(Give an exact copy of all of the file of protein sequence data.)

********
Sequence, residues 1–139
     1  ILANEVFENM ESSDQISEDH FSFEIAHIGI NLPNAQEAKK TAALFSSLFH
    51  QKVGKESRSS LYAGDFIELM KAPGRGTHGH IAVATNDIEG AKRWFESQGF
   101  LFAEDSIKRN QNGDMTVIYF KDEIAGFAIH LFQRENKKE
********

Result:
Sequence, residues 1–139
     1  ILANEVFENM ESSDQISEDH FSFEIAHIGI NLPNAQEAKK TAALFSSLFH
    51  QKVGKESRSS LYAGDFIELM KAPGRGTHGH IAVATNDIEG AKRWFESQGF
   101  LFAEDSIKRN QNGDMTVIYF KDEIAGFAIH LFQRENKKE